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In Word and Gesture

Chinese Calligraphy: History, Culture, and Practice

Portrait of Hong Zhang

Calligraphy means “beautiful writing.” When we hear the word, many of us probably picture illuminated Bibles or wedding certificates, but calligraphy is so much more than Fraktur, Gothic, or Edwardian script. Tremendous skill and discipline go into its creation, and the result is gorgeous, impressive, even deeply moving. This is particularly true of Chinese calligraphy.

More than simply a form of written communication, Chinese calligraphy is a revered art form that has specific tools, techniques, principles, and approaches.

Born and raised in Shanghai, Hong Zhang moved to Minnesota in 1985; in 1992 he founded Hong Zhang Studio. For the past 20 years, Zhang has been a popular instructor of Chinese calligraphy, which he teaches through the U of M’s Department of Asian and Middle Eastern Studies.

How did you start practicing calligraphy?

At the age of five, like most of the traditional family education at that time, I started to practice Chinese calligraphy under my father’s guidance. I learned discipline, focus, and concentration at home as well as in school. Gradually, I came to love calligraphy so much; I studied under the late master artist Shen Shijia for Chinese painting as well as calligraphy. Through this professional training, I developed a passion for the cultural and poetic aspects of this traditional art form, and continued my studies at the Shanghai Fine Arts Institute.

Excerpt of portrait, Tranquil Village

Through your studio and your classes, what aspects of Chinese culture do you share with your Minnesota audience?

Chinese calligraphy has its unique artistic characteristics; more importantly, it is closely tied with profound Chinese culture. With the proper training of Chinese brushwork, one may learn to improve five capabilities: observation, memorization, representation, imagination, and creation.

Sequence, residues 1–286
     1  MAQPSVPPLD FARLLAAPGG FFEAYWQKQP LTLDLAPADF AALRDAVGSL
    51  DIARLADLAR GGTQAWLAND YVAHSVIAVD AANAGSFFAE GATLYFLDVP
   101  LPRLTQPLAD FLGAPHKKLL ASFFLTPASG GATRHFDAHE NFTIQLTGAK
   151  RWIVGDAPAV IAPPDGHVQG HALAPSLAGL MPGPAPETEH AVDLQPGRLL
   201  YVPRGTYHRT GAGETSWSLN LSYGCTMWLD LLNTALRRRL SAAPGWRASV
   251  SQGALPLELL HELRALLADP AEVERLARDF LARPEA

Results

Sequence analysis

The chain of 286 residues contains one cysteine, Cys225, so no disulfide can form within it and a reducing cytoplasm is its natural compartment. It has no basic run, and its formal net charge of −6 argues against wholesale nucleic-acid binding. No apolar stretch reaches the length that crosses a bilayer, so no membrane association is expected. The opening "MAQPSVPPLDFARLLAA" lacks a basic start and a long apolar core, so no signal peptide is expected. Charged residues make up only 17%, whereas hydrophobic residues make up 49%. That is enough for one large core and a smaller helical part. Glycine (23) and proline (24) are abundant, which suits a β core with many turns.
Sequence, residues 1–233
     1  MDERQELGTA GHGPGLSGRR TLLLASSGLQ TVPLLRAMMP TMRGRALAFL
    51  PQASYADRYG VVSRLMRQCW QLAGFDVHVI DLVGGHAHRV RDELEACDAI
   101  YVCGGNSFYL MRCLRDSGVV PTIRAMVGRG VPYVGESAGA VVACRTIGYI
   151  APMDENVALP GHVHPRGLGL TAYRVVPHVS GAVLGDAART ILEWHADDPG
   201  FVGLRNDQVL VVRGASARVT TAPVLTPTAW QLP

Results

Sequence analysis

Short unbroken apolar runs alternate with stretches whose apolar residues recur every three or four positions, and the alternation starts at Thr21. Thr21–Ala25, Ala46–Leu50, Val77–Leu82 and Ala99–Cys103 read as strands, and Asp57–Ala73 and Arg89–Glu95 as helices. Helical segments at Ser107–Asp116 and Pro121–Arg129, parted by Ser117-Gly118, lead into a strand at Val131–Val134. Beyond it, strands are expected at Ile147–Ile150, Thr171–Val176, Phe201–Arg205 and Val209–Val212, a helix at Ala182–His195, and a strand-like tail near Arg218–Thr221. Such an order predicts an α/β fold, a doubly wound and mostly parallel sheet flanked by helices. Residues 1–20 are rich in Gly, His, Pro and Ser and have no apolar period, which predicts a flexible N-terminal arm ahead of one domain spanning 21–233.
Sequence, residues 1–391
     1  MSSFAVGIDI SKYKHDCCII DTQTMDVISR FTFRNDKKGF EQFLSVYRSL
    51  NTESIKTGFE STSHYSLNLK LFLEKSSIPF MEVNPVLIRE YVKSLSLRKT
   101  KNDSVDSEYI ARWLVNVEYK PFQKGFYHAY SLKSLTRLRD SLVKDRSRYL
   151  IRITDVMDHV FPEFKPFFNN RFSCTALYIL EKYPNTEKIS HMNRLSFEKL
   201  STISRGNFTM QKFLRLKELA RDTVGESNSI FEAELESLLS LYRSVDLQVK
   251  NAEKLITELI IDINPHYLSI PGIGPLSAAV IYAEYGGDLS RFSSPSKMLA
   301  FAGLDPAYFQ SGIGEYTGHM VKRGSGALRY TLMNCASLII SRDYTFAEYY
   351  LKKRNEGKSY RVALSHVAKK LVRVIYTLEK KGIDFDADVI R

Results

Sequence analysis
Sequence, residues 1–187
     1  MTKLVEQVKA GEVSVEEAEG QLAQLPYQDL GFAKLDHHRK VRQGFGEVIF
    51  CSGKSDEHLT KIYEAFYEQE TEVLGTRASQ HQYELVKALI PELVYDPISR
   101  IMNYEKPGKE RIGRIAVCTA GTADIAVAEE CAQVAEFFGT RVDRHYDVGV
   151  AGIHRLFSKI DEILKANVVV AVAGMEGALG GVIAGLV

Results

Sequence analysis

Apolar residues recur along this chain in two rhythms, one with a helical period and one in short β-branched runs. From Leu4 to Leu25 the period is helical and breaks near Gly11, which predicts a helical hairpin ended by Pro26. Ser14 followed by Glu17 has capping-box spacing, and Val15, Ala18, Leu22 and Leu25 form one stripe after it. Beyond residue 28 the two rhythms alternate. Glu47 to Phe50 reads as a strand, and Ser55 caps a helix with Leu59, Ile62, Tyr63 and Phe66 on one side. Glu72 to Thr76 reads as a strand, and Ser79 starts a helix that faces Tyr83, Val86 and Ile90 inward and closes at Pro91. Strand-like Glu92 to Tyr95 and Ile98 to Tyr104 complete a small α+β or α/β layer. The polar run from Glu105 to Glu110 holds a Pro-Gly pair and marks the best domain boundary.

The essence of Chinese cultural characteristics include humility, perseverance, and hard work, appreciation for nature, philosophy of unified opposites, balance and harmony of Yin and Yang, etc. All of these are reflected in the Chinese calligraphy learning process.

How has your work developed over the course of your career?

Through my teaching experience, I realized there was a lack of textbooks on Chinese calligraphy styles and techniques tailored to my students who do not speak and/or read the Chinese language. Thus, I wrote and published three books to help students elevate their understanding and appreciation of Chinese calligraphy history and concepts. The first book, titled Li Shu Qian Zi Wen, is a Li script model of Zhou Xingsi’s famous Thousand Character Essay. The second book, The Art of Chinese Calligraphy—Regular Script Lectures and Models, gives a comprehensive study of regular script. The third book, Calligraphy and Literature—Li Script Lectures and Models, emphasizes the aspects of literature in addition to detailed instructions for how to write characters in the Li script and substantial coverage of basic Chinese calligraphy brush-stroke techniques.

Join LearningLife for a unique opportunity to study with instructor Zhang. His four-session course, Chinese Calligraphy: History, Culture, and Practice, begins October 28.

Published on October 7, 2019